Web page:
The drug gabapentin reduces the symptoms of opsoclonus-myoclonus syndrome, commonly known as dancing eye syndrome, a study has shown.
Researchers from the University of L"Aquila in Italy found success in using daily continuous gabapentin therapy in patients with opsoclonus-myoclonus syndrome who also had quadriplegia, mutism and lower cranial nerve paralysis (locked-in syndrome).
These patients" only means of communication is through vertical gaze and upper eyelid movements.
Participants in the study were given a single 300 mg dose of gabapentin on the first day, followed by 600 mg per day in divided doses on the second day.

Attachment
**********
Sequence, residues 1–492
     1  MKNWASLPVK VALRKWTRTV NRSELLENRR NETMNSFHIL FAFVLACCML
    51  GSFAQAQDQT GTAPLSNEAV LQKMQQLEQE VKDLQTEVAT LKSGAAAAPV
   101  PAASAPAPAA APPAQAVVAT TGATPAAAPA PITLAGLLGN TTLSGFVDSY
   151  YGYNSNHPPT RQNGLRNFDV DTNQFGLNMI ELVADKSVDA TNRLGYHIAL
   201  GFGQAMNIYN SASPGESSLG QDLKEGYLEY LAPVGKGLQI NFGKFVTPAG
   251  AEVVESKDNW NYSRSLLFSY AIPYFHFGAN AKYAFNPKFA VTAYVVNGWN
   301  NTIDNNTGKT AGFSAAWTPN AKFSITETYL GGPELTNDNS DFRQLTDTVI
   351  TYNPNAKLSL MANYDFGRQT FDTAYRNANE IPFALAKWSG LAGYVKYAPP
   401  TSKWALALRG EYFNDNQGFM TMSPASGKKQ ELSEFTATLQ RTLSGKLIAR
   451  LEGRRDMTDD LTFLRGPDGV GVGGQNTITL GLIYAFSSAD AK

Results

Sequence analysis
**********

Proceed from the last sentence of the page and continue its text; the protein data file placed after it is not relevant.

Two of the patients experienced a reduction in ocular symptoms, so their communication and quality of life was improved.
For the other two patients, the dose was further increased and the best response was achieved with a daily dose of 1,200 mg.
In an earlier study, researchers at Moorfields Eye Hospital in London revealed study findings that suggest the inexpensive cancer drug Avastin could help to save the sight of thousands of people across the globe.
by Alexa Kaczka